During the first half of the nineteenth century the Indian policy of the federal government was responsible for uprooting the major American Indian nations of the southeastern United States, many of whom had already adapted much of the Euroamericans' material culture and farming methods, and conducting them through their "Trails of Tears" to present eastern Oklahoma. To accommodate the new arrivals, the Wichita, Osage, and Quapaw were then confined by treaty to smaller reservations. Between 1820 and 1837 the Cherokee, Choctaw, Creek, Chickasaw, and Seminole nations arrived with almost nothing except their horses and mules and a scattering of implements, wagons, and household goods. Choctaws and Chickasaws brought their cotton culture and their African American slaves to open up fresh cotton plantations in the bottomlands and uplands of the south. The Cherokees settled in the mountains and valleys of the east, and the Creeks were granted the rolling lands drained by the Canadian River. All of them raised maize, squash, and other vegetables, as well as livestock, while supplementing their diets with venison, fish, wild fowl, and pecans from the numerous groves in the bottomlands. The Chickasaws were already known as exceptional horse breeders. By the outbreak of the Civil War the Five Civilized Tribes, as they came to be called, had created thriving economies, constitutional governments, and a cultured elite, many of whom were educated in academies and colleges in the northeastern United States.

The Civil War brought havoc to the Five Tribes and created an excuse for the federal government to take away much of their lands through treaties for the purpose of moving other Indian peoples in neighboring states to the emerging "Indian Territory." The aftermath of the war also created conditions in which non-Indians would begin their systematic settlement of Oklahoma and the concurrent destruction of the reservations through the privatization of tribal lands.

The Euroamerican settlement of Oklahoma was comparable to earlier westward movement patterns in several ways but was also a unique variation of that movement. As with earlier American frontier history, non-Indian settlers moved onto former Indian lands obtained by the U.S. government from American Indian tribal leaders through the "twin Cs," coercion and cajoling. Living in rude shelters, pioneer farmers and their families braved the vicissitudes of nature and the marketplace to create farms from prairie sod. Towns sprang up along railroad lines, giving rise to small businesses and small-town society. Grassroots local governments and school boards emerged from primitive election processes. As usual, the needs and wishes of Native peoples were ignored. In fact, the settlement of Oklahoma amounted to an invasion of Indian lands. In other words, the movement was a microcosm of the American frontier experience encapsulated into only a few years, little more than a decade.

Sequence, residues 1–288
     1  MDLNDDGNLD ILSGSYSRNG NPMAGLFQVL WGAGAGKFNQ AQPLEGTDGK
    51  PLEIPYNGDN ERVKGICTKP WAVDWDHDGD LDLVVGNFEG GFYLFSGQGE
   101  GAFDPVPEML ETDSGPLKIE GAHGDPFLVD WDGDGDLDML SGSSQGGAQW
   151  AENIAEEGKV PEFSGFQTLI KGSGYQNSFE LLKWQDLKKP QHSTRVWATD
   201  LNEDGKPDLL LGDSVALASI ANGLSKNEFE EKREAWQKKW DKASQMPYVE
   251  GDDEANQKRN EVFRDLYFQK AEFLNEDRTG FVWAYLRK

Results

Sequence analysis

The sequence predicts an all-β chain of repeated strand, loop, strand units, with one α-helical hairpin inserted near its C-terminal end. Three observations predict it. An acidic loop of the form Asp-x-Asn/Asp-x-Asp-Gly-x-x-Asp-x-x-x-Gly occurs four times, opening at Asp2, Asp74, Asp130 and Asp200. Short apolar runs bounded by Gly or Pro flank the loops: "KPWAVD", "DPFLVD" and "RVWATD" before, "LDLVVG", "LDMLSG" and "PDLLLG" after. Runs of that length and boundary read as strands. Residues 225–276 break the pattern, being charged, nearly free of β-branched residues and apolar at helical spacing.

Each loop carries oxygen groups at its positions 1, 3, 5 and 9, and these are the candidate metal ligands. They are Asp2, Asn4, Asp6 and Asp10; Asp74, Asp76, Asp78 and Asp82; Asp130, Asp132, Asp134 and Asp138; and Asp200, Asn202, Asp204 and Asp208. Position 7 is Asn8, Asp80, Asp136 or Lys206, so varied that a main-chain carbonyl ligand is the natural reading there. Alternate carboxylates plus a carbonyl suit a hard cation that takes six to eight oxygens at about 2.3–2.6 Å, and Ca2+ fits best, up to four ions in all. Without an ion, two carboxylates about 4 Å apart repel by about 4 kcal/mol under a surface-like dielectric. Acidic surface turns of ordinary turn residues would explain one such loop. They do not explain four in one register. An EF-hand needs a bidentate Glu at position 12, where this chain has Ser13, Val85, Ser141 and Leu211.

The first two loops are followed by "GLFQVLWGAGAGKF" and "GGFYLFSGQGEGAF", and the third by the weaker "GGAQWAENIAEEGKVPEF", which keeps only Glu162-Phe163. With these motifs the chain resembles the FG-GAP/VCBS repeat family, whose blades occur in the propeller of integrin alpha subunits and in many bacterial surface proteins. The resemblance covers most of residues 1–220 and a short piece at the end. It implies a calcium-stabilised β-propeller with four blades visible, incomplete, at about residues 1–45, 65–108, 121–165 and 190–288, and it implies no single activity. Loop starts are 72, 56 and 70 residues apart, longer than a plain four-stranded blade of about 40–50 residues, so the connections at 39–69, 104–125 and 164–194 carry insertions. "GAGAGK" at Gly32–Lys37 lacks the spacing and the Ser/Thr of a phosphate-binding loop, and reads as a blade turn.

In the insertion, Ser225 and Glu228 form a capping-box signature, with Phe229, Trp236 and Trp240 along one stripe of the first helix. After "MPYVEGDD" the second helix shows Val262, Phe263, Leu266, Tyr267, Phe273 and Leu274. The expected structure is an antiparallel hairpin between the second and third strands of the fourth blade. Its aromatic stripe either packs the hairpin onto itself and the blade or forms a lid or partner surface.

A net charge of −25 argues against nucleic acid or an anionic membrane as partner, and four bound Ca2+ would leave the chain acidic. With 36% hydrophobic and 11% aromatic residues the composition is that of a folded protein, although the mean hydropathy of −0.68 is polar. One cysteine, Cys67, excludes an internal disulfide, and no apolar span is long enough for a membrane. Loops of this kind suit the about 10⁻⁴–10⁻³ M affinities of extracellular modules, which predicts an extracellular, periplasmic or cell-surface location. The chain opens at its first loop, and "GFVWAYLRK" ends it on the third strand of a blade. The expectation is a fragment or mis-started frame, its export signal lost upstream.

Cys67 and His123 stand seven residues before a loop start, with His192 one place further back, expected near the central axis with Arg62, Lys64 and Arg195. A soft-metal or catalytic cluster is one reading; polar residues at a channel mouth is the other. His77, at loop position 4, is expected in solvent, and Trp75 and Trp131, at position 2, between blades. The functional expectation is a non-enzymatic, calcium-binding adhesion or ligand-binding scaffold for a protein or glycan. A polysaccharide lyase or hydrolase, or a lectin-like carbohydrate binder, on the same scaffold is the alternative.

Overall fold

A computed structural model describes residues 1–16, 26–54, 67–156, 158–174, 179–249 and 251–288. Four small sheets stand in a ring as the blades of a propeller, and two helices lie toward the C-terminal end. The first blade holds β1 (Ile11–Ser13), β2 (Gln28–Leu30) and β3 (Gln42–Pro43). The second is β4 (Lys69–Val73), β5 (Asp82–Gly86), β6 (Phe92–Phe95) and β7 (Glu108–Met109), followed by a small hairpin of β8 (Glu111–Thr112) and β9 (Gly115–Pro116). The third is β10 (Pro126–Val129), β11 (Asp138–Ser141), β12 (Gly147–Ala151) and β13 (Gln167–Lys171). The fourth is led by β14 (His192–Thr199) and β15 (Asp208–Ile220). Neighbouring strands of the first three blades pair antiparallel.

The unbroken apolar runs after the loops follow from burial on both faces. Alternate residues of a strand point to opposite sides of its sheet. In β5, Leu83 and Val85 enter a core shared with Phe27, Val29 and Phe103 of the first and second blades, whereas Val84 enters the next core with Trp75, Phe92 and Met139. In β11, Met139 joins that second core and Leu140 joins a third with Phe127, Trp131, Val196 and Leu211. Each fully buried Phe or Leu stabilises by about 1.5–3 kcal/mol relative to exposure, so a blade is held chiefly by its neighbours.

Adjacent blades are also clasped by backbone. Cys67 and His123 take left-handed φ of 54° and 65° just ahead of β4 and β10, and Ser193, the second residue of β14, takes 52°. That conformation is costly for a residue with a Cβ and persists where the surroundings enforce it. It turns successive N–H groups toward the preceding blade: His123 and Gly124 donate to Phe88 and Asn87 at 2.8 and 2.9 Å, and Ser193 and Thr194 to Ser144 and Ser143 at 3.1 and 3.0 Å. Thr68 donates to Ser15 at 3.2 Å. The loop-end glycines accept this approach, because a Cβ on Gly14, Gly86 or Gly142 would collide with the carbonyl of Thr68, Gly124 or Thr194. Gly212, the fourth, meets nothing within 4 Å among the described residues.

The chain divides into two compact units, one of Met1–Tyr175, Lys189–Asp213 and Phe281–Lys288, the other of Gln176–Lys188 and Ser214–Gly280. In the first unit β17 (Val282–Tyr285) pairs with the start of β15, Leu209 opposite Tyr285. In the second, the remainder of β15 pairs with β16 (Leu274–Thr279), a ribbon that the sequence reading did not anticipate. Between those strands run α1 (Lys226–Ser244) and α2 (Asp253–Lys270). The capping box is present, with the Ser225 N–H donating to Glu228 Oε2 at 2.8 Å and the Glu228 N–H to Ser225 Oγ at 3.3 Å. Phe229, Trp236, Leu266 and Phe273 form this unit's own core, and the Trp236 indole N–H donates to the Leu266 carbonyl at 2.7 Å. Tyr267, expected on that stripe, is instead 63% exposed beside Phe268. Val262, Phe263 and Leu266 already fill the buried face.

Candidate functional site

But the settlement of Oklahoma was also a singular historical experience. Before the first land opening, which came in 1889, the common pattern in westward expansion was for Congress to create first a relatively large territory by legislative act and to cut it into smaller segments as settlement progressed toward the west. When the large territory was created, the first settlers were already living in a sparsely inhabited area on its eastern fringe. As the population grew and spread still farther westward, new territories were cut from the original. With the passage of time, the original territory was finally reduced to several territories that, in turn, entered the Union as states. Thus the Northwest Territory, created in 1787, was cut into Ohio, Indiana, Illinois, Wisconsin, and Michigan, and the Southwest Territory became Kentucky and Tennessee. Utah Territory became Utah, Nevada, and Colorado. The Dakotas were cut from Nebraska Territory. New Mexico Territory was split into Arizona and New Mexico.